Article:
Lectures in March 2016
Käthe Kollwitz and the Polarity of Beauty: Nietzsche or the "Silesian Angel"?- Lecture by Joseph McVeigh
- Tuesday, March 22, 2016
- Weinstein Auditorium, Smith College
- 7 PM
The art of Käthe Kollwitz has been largely defined by its focus on the poor and the oppressed, and the artist herself has been cast as "the voice of the silence of the suffering people" (Romain Rolland). And yet, such a public image ignores some foundational sources of her creativity that are drawn from the solidly middle-class cultural norms of the "Bildungsbürger", i.e. those of German high culture, as well as from an almost mystical inwardness, cultural elements not typically associated with the working classes of her time. Her reflections on art in her diary led her to recognize a certain indebtedness to a wide range of cultural influences, from the 19th century philosopher Friedrich Nietzsche to the 17th century mystic, Angelus Silesius ("The Silesian Angel"). Professor of German Studies at Smith College, Joseph McVeigh will explore these influences and their import for her work in a lecture.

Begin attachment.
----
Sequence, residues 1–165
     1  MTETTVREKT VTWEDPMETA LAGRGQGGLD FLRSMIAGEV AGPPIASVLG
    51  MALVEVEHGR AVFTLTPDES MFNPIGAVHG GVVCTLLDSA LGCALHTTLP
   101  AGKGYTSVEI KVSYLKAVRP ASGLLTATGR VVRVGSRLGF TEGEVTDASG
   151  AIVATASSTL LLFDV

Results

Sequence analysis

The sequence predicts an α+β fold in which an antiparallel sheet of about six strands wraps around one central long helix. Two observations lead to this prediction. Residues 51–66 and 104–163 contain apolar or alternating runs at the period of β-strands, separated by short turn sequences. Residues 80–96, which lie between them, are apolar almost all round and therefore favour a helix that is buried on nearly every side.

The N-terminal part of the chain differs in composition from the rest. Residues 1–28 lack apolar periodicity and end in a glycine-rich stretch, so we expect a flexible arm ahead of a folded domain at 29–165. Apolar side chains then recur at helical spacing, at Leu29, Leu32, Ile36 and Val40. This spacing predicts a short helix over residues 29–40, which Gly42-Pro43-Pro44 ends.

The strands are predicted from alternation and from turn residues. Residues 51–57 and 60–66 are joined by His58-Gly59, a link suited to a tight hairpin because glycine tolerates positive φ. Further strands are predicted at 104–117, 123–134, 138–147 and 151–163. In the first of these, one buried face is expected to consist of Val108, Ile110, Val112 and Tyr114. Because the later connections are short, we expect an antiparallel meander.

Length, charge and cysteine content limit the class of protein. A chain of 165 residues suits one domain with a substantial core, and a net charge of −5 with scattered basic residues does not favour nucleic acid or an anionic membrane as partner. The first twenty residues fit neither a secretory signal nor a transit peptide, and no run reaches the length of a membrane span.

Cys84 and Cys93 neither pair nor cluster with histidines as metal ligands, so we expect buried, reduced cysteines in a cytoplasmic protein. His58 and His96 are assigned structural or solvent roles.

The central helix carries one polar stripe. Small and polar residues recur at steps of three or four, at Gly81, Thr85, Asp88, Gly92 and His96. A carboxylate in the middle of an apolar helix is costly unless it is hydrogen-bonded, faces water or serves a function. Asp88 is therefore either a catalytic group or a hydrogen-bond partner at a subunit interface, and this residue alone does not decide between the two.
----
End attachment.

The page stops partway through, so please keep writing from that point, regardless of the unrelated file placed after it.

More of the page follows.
Predicated Internationalism: 'Peripheries' and the Global Work of Art- Lecture
- Thursday, March 31, 2016
- Graham Hall
- 5 PM
Caroline Jones, Professor and Director, History, Theory + Criticism, Department of Architecture, MIT
Professor Jones studies modern and contemporary art, with a particular focus on its technological modes of production, distribution, and reception. This is the opening lecture in the colloquium, “Future Fields: ‘Global’ Methodologies and Art of the Middle East.” A reception in the Brown Fine Arts Center atrium will follow the talk.
Admission is free and open to all | No reservations—general seating
Support for this program has been provided by the Kahn Liberal Arts Institute at Smith, the Smith College Lecture Committee, the Emily Hall Tremaine Symposium Fund of the Smith College Museum of Art, and the Smith College Art Department.